“Terry, no – shh.” Not fighting. Something new. It sounded like… “I have to put you on speaker.” … inspiration. “One second. I need my hands.”

Beth kicked the corner of a half-completed canvas, slamming it away to slap a fresh stretch of fabric into the speckled crime scene’s outline. There it was again, the low rrrrrrrrr! The tubes shuddered in concert from the ceiling. Paint! She had to refill the paint. Where was her chair? Which colours?

Cocoa! A delicately creamy frappe to pair with it. A full-flavoured tate olive because this didn’t call for the harsh shades of anger like before. That noise had to be furniture deliberately organizing. Ooh – ‘organize’! Were they cleaning? She never heard them clean. Tethered Scars? She liked it. Where was her chair?!

I’m not getting in the way, am I? Not bothering you with this trying-to-save-your-exhibit tosh?

“You want me to sell out,” she yelled back. Her phone sat lonely on the couch. “Tell Jess if she’s butting into my space, I decide what she shows. I don’t need her frilly oceans clogging up my desperate wars. I slaved for my series.”

She works hard, too.

“She sells hard,” Beth vented. “She doesn’t create, she doesn’t imagine, and she doesn’t convey. Her paintings might as well be windows for all the point they have in staring at them.”

I like windows! Lots of people do. Ever seen a house go up without them? It’s weird. You get chills.

“Terry,” she warned.

I’ll tell her,” he finally relented. “She’ll be over the moon you said yes to some degree.

Uh-huh.

“How many does she have room on the wall for?”

Nine minus five.

“Three,” Beth decided, setting the pump. It whirred to life and heartily burped its first tan droplets. Rrrrrrrrrr. A drop landed left of the middle. “Stormy, lighthouse, and the gray fog. Nothing other than them. Terry, be implicit.”

Explicit, I think.

“Well, don’t swear at her,” Beth said. “Not if you don’t have to.”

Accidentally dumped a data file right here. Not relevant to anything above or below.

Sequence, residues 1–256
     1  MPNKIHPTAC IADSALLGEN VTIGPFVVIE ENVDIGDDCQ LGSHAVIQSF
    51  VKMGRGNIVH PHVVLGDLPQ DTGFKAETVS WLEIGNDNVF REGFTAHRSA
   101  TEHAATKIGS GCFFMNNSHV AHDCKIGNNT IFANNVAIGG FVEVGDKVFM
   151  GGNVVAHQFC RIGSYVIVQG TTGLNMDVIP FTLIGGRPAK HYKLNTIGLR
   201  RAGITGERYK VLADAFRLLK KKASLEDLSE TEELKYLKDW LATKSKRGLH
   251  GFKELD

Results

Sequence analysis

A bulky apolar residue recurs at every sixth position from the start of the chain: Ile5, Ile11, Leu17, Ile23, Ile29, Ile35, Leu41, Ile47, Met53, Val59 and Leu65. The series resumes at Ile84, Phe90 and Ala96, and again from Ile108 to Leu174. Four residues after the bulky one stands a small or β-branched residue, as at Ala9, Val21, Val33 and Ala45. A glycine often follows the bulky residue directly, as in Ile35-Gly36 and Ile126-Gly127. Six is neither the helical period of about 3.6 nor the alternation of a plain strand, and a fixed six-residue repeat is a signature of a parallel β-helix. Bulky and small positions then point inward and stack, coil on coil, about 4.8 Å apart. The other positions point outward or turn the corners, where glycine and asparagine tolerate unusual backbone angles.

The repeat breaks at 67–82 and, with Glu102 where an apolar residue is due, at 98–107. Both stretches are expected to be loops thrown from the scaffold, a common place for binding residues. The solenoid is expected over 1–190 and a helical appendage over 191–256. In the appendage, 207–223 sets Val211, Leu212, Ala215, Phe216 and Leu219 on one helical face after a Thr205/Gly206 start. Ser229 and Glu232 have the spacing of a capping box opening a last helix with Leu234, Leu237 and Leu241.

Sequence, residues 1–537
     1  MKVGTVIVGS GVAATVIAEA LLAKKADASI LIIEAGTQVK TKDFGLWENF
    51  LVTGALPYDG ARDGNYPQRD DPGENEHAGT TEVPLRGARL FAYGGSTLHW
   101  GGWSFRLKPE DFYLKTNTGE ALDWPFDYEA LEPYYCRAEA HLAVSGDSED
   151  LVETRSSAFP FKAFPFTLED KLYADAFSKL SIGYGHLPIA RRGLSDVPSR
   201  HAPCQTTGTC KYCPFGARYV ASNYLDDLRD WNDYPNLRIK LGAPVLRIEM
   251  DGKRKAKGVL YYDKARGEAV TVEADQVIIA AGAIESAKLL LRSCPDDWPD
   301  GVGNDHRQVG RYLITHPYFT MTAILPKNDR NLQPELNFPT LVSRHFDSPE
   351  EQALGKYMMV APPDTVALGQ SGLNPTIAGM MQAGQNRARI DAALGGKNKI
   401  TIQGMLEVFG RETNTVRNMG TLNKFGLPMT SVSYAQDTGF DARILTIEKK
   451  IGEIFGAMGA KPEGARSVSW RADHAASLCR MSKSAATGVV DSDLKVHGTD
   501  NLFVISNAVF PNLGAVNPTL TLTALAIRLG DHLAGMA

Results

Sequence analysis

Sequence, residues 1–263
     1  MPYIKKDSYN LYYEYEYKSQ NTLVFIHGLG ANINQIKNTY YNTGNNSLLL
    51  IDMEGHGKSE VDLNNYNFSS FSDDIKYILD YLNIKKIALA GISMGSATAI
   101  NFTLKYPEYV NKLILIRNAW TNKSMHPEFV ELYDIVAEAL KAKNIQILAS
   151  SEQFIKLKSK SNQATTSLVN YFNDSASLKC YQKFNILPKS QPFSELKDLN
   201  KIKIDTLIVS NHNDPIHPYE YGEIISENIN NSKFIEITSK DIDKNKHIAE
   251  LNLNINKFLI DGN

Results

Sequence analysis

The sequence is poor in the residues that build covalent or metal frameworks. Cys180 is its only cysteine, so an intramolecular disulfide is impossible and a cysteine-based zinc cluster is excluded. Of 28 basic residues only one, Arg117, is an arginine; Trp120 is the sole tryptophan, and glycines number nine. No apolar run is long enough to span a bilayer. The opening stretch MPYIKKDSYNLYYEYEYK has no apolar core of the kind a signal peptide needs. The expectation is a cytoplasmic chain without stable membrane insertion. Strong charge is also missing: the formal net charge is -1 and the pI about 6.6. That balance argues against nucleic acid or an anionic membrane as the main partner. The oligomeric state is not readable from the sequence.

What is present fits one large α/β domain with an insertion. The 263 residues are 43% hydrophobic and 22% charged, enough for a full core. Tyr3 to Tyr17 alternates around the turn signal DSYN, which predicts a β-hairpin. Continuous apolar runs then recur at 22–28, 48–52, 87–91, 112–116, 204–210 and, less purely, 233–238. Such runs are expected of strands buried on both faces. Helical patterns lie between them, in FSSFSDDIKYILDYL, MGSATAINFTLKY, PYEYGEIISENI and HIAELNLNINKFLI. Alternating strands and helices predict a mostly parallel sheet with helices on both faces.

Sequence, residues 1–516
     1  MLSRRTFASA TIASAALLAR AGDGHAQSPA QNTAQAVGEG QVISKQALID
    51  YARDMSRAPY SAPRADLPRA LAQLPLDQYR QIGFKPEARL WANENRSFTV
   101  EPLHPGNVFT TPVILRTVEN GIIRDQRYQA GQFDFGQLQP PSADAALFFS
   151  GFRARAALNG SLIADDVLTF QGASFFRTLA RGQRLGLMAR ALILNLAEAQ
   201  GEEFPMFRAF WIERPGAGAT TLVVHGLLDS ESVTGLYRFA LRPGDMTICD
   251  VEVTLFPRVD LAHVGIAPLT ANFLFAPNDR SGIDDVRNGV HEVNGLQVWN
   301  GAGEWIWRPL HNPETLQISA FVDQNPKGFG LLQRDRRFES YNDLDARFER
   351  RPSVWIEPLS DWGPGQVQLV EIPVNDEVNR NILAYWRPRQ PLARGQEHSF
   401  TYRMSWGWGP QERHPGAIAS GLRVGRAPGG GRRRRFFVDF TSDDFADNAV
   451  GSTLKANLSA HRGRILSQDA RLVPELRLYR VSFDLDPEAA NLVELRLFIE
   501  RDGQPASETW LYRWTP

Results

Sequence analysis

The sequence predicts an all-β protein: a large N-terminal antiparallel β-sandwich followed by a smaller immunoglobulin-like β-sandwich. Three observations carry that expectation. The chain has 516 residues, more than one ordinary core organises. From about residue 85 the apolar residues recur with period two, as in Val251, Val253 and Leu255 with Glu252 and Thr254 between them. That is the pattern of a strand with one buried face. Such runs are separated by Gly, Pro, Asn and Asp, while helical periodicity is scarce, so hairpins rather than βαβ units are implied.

You’re such an artist, love.” That was British for something she divinely chose not to understand. “Then it’s settled. Three of her paintings, five of yours. It’s manageable. You’d like that cheque, would you? From Edison? I’ll have to ring him, too. Bring the rest of your work to the gallery tomorrow – I need this sorted soon.

She choked again.

“Tomorrow?!”

Yes, tomorrow morning. We’d all like to sleep in, but chop, chop.

Her heart threw a fit.

“Um… yeah, but… why tomorrow?”

Because he won’t buy a damn thing unless it’s in front of him,” Terry said. “I’d do it tonight, but he doesn’t know yet that he wants to buy whatever you’re around to pawn off. He’s gone until the exhibition after midday, too.

“Okay! Okay. I’ll come in.” Tomorrow. With four pieces ready for sale. “He’s not the sort of guy who displays everything for millionaire parties, is he?”

Please give her the good news that the final paintings she now had to crappily rush would be buried in the garden.

You might explain the paint fades if it’s not left in shade or a dark hall,” Terry wisely advised. “He must be near-blind anyway. Neon orange, Beth! And spots! See it before you go.

“How can I turn that down?” She returned to her seat and scooped the phone to her ear. “Thanks for the warning. Thanks for the cheque too, Ter.”

Thank him. I wouldn’t pay a dime for your drippy, manic messes. You know me.” Beth always could count on him for that. She smiled anyway, especially as Terry went on. “I’m sorry for this. Plans were unfolding too well, I suppose. Be here early and I’ll buy breakfast. We’ll chortle over the odds of a critic knocking Ashley Brendan’s sculpture to rubble again.

“You’re on,” she told him. Free breakfast! They swapped their goodbyes and hung up for the night. Back alone, Beth’s lip found itself between her teeth. She nibbled. “Damn.”

Four by tomorrow, and the rumbling had stopped. Moving her phone from couch to chair, she hiked her overalls to her knees, then gingerly sat and shook the tubes herself. These were finishing one way or the other, but other took a gamble she didn’t have a night to bet. She’d better get started.